Pro­posal guts pre-K grant,

Austin American-Statesman - - FRONT PAGE - By Julie Chang jchang@states­

Gov. Greg Ab­bott’s sig­na­ture high-qual­ity prekinder­garten grant pro­gram is on even shakier ground after mem­bers of a Se­nate com­mit­tee in­di­cated on Wed­nes­day that they will be join­ing the House in propos­ing elim­i­nat­ing the pro­gram.

On Wed­nes­day, the Se­nate Fi­nance Com­mit­tee rec­om­mended strip­ping fund­ing for the pro­gram, Ab­bott’s hall­mark leg­is­la­tion two years ago. The pro­gram doled out $118 mil­lion over the last two years and Ab­bott wanted $236 mil­lion for 2018 and 2019. About half of the school dis­tricts in Texas re­ceived the grant pro­gram money on the con­di­tion that they im­ple­ment high-qual­ity stan­dards, such as fam­ily en­gage­ment, re­port­ing more data to the state and re­quir­ing teach­ers have an ad­di­tional cre­den­tial.

It ap­pears that Se­nate bud­get writ­ers are try­ing to cut costs to free up money for other is­sues in­clud­ing adding $290 mil­lion to the Teacher Re­tire­ment Sys­tem health ben­e­fits pro­gram, which is fac­ing a short­fall.

“It’s in­com­pre­hen­si­ble that the Se­nate is jeop­ar­diz­ing the fu­ture of Texas stu­dents by de­priv­ing them of high qual­ity pre-K, in­stead forc­ing them into an un­ac­count­able pro­gram,” said Ab­bott’s spokesman John Wittman.

The House last month pro­posed gut­ting Ab­bott’s pre-K grant pro­gram and putting the money in sup­ple­men­tal pre-K fund­ing, which would go to all school dis­tricts that of­fer pre-K. House of­fi­cials said that they wanted to of­fer flex­i­bil­ity to school dis­tricts on how to use the money.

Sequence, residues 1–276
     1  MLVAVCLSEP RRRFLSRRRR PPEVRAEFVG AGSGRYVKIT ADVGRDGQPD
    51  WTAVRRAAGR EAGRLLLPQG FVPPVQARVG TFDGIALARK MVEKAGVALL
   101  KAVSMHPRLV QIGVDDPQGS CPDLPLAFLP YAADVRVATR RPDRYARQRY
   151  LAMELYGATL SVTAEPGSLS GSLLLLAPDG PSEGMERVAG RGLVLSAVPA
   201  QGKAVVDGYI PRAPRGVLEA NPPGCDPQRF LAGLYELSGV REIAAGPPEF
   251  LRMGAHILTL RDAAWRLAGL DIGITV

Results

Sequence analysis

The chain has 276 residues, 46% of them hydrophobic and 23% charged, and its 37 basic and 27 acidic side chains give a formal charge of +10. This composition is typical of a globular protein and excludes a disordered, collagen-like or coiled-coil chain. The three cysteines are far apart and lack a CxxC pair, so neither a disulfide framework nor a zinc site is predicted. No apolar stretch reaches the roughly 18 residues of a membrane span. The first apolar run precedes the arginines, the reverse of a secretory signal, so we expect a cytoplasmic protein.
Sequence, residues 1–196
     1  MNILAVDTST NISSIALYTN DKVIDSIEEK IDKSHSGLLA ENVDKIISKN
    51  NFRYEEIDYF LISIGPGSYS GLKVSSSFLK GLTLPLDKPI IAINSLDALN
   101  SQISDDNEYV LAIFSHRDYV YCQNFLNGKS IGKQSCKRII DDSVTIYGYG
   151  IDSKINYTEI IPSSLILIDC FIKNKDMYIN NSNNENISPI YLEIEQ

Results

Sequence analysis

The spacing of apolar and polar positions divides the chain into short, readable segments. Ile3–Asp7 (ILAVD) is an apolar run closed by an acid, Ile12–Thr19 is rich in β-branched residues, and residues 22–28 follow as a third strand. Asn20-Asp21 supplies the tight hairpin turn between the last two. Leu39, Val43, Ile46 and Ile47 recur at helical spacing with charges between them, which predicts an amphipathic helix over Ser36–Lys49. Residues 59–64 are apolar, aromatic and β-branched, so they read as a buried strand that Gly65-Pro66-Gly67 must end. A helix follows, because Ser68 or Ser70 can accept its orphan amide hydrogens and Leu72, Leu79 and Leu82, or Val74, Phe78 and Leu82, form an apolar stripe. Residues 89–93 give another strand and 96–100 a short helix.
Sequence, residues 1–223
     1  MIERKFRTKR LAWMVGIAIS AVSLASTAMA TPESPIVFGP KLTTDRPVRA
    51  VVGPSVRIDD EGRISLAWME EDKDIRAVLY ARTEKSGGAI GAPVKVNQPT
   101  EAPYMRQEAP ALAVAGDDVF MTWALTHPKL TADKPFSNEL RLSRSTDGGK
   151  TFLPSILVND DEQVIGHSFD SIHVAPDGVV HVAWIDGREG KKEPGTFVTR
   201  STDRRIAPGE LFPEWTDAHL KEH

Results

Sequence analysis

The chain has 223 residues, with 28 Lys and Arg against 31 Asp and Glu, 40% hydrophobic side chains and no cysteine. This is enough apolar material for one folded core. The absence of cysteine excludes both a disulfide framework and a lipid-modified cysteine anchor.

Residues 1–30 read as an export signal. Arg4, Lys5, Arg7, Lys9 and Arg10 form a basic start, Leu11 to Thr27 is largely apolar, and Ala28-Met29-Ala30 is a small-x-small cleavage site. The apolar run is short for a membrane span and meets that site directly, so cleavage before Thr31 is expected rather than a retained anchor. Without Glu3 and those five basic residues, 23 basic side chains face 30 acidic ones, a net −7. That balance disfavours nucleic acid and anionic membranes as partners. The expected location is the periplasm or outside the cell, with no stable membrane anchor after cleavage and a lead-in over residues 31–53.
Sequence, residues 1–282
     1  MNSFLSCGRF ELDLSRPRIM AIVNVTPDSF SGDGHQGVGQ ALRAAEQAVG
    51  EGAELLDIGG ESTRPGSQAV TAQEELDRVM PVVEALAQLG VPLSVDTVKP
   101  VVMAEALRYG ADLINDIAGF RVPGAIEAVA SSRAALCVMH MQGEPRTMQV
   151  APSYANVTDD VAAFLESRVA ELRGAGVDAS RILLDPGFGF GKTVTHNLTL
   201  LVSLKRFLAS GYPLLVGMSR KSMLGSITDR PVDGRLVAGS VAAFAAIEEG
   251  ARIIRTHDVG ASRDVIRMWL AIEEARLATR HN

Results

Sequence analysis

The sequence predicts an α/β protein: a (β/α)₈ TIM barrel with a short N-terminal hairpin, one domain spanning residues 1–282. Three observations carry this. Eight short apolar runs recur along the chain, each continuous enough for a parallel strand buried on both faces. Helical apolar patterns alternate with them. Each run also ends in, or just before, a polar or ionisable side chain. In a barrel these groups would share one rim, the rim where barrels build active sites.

House and Se­nate bud­get pro­pos­als would still fund half-day pre-K based on pro­jected en­roll­ment growth over the next two years.

The Se­nate’s lat­est ver­sion of the bud­get for pub­lic ed­u­ca­tion also would elim­i­nate sup­ple­men­tal pre-K fund­ing and in­stead put the money in a $40 mil­lion “Prekinder­garten Pub­lic-Pri­vate Part­ner­ships Pro­gram.” The pro­gram is in­tended to im­prove the qual­ity of pre-K through “kinder­garten read- iness tools, de­vel­op­men­tal tools, rubrics, and best prac­tice guides.”

Of­fi­cials from school dis­tricts ex­pe­ri­enc­ing rapid en­roll­ment growth are also up­set with the Se­nate’s pro­posal to cut all money — $47.5 mil­lion over two years — that was given to such dis­tricts to help with the start-up costs of open­ing a new school.

The new in­struc­tional fa­cil­i­ties’ al­lot­ment was es­tab­lished in 1999 but de­funded in 2011 and re­in­stated in 2015.

“The Texas Se­nate is short­chang­ing Texas pub­lic schools and char­ter schools with dra­co­nian cuts to state fund­ing for fa­cil­i­ties. Schools that shoul­der the tremen­dous growth and in­flux of new stu­dents are hit es­pe­cially hard as they try to make do with their al­ready lean lo­cal bud­gets,” said Guy Sconzo, ex­ec­u­tive di­rec­tor of the Fast Growth School Coali­tion.

The Drip­ping Springs school district would lose $370,000; Hays $190,000; Hutto $170,000; and Le­an­der $260,000, district of­fi­cials have re­ported to the coali­tion.

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